that is, they pass by livery; incorporeal hereditaments lie in grant, that is,
pass by the force of the grant, and without any livery. Vide Lying in grant.
LIEGE, from the Latin, ligare, to bind. The bond subsisting between
the subject and chief, or lord and vassal, binding the one to protection and
just government, the other to tribute and due subjection. The prince or chief is
called liege lord; the subjects liege men. The word is now applied as if the
liegance or bond were only to attach the people to the prince. Stat. 8 Hen. VI.
c. 10; 14 Hen. VIII. c. 2; 1 Bl. Com. 367.
LIEGE POUSTIE, Scotch law. The condition or state of a person who is
in his ordinary health and capacity, and not a minor, nor cognosced as an idiot
or madman, nor under interdiction. He is then said to be in Iiege poustie, or in
legitima potestati, and he has full power of disposal of his property. 1 Bell's
Com. 85, 5th ed.; 6 Clark & Fin. 540. Vide Sui juris.
LIEN, contracts. In its most extensive signification, this term
includes every case in which real or personal property is charged with the
payment of any debt or duty; every such charge being denominated a lien on the
property. In a more limited sense it is defined to be a right of detaining the
property of another until some claim be satisfied. 2 East 235; 6 East 25; 2
Campb. 579; 2 Meriv. 494; 2 Rose, 357; 1 Dall. R. 345.
2. The right of lien generally arises by operation of law, but in some cases
it is created by express contract.
3. There are two kinds of lien; namely, particular and general. When a person
claims a right to retain property, in respect of money or labor expended on such
particular property, this is a particular lien. Liens may arise in three ways:
1st. By express contract. 2d. From implied contract, as from general or
particular usage of trade. 3d. By legal relation between the parties, which may
be created in three ways; When the law casts an obligation on a party to do a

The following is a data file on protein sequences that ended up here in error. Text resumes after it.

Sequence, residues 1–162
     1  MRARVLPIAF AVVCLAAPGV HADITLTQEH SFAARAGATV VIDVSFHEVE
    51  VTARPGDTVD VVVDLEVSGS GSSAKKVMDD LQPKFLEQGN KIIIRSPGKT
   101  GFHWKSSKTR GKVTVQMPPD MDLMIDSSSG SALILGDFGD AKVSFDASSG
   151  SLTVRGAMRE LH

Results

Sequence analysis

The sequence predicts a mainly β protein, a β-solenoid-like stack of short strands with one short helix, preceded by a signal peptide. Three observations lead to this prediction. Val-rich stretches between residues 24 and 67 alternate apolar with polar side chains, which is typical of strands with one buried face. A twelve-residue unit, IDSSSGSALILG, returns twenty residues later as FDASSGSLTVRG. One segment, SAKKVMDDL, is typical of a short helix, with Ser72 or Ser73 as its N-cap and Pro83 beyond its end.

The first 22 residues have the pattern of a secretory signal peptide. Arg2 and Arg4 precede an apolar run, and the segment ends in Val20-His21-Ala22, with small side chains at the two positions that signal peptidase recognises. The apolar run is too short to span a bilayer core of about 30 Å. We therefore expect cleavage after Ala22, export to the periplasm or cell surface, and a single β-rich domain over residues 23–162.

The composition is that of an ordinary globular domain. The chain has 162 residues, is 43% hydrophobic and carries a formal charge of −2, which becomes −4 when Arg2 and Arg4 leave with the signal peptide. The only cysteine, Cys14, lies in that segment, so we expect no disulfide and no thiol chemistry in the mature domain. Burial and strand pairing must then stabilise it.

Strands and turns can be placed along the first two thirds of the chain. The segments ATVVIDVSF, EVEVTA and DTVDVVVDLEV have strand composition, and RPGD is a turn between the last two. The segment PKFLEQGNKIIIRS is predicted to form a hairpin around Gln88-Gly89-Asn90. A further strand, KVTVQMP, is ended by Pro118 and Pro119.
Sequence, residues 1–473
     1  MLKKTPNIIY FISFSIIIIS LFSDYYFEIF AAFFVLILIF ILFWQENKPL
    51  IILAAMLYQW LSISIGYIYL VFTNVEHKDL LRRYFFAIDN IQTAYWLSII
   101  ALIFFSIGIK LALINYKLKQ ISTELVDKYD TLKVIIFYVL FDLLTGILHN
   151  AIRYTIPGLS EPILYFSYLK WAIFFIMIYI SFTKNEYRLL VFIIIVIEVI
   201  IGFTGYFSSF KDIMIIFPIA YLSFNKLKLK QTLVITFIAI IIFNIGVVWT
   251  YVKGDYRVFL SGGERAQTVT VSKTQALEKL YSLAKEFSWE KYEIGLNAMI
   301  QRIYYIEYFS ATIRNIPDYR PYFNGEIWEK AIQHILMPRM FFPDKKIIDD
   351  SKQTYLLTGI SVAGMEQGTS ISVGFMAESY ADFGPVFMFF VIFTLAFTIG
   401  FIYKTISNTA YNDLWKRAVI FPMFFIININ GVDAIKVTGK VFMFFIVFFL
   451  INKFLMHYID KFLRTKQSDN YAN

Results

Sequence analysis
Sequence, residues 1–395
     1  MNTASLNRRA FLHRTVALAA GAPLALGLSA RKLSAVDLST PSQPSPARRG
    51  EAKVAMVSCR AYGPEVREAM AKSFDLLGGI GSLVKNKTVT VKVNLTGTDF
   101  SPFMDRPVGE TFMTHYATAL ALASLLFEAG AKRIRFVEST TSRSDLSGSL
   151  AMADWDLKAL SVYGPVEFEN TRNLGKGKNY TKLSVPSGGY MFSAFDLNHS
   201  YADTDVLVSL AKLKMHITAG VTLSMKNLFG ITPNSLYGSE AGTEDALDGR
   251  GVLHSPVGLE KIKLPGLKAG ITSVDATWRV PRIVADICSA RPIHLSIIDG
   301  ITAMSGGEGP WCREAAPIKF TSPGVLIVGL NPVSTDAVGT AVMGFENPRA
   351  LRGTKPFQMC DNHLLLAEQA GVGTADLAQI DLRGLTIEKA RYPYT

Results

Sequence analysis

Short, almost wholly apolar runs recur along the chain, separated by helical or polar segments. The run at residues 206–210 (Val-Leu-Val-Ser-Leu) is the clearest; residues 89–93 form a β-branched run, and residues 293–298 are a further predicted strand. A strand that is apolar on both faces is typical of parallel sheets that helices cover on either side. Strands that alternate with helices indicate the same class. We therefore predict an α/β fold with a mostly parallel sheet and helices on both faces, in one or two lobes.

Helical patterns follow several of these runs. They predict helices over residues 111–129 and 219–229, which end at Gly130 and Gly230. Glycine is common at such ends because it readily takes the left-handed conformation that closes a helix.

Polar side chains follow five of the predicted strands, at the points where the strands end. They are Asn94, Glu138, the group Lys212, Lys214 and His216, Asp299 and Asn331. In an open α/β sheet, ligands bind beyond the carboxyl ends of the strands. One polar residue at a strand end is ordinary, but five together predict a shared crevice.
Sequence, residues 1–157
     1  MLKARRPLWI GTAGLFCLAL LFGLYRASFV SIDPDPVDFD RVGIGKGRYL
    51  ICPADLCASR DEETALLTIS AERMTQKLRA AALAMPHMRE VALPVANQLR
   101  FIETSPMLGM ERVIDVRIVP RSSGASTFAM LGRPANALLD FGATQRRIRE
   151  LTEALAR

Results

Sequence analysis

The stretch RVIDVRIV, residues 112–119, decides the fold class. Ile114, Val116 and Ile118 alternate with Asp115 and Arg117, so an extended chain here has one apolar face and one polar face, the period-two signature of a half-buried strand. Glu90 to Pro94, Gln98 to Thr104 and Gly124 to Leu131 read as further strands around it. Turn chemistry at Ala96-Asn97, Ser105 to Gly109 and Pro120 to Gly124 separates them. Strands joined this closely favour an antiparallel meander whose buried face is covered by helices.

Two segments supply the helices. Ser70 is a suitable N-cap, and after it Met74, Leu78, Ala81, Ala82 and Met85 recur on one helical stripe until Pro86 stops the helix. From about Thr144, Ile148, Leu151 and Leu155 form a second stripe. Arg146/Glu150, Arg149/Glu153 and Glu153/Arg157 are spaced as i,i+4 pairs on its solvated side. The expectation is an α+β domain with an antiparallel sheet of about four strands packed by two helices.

particular act, and in return for which, to secure him payment, it gives him
such lien; 1 Esp. R. 109; 6 East, 519; 2 Ld. Raym. 866; common carriers and inn
keepers are among this number. 2. When goods are delivered to a tradesman or any
other, to expend his labor upon, he is entitled to detain those goods until he
is remunerated for the labor which he so expends. 2 Roll. Ab. 92; 3 M. & S.
167; 14 Pick. 332; 3 Bouv. Inst. n. 2514. 3. When goods have been saved from the
perils of the sea, the salvor may detain them until his claim for salvage is
satisfied; but in no other case has the finder of goods, a lien. 2 Salk. 654; 5
Burr. 2732; 3 Bouv. Inst. n. 2518. General liens arise in three ways; 1. By the
agreement of the parties. 6 T. R.14; 3 Bos. & Pull. 42. 2. By the general
usage of trade. 3. By particular usage of trade. Whitaker on Liens 35; Prec. Ch.
580; 1 Atk. 235; 6 T. R. 19.
4. It may be proper to consider a few, general principles: 1. As to the
manner in which a lien may be acquired. 2. To what claims liens properly attach.
3. How they may be lost. 4. Their effect.
5. - 1. How liens may be acquired. To create a valid lien, it is essential,
1st. That the party to whom or by whom it is acquired should have the absolute
property or ownership of the thing, or, at least, a right to vest it. 2d. That
the party claiminig the lien should have an actual or constructive, possession,
with the assent of the party against whom the claim is made. 3 Chit. Com. Law,
547; Paley on Ag. by Lloyd, 137; 17 Mass. R. 197; 4 Campb. R. 291; 3 T. R. 119
and 783; 1 East, R. 4; 7 East, R. 5; 1 Stark. R. 123; 3 Rose, R. 955; 3 Price,
R. 547; 5 Binn. R. 392. 3d. That the lien should arise upon an agreement,
express or implied, and not be for a limited or specific purpose inconsistent
with the express terms, or the clear, intent of the contract; 2 Stark. R. 272; 6
T. R. 258; 7 Taunt. 278;. 5 M. & S. 180; 15 Mass. 389, 397; as, for example,
when goods are deposited to be delivered to a third person, or to be transported
to another place. Pal. on Ag. by Lloyd, 140.
6. - 2. The debts or claims to which liens properly attach. 1st. In general,
liens properly attach on liquidated demands, and not on those which sound only
in damages; 3 Chit. Com. Law, 548; though by an express contract they may attach
even in such a case as, where the goods are to be held as an indemnity against a
future contingent claim or damages. Ibid. 2d. The claim for which the lien is
asserted, must he due to the party claiming it in his own right, and not merely
as agent of a third person. It must be a debt or demand due from the very person
for whose benefit the party is acting, and not from a third person, although the
goods may be claimed through him. Pal. Ag. by Lloyd, 132.
7. - 3. How a lien may be lost. 1st. It may be waived or lost by any act or
agreement between the parties, by which it is surrendered, or becomes
inaplicable. 2d. It may also be lost by voluntarily parting with the possession
of the goods. But to this rule there are some exceptions; for example, when a
factor by lawful authority sells the goods of his principal, and parts with the
possession under the sale he is not, by this act, deemed to lose his lien, but
it attaches to the proceeds of the sale in the hands of hte vendee.
8. - 4. The effect of liens. In general, the right of the holder of the lien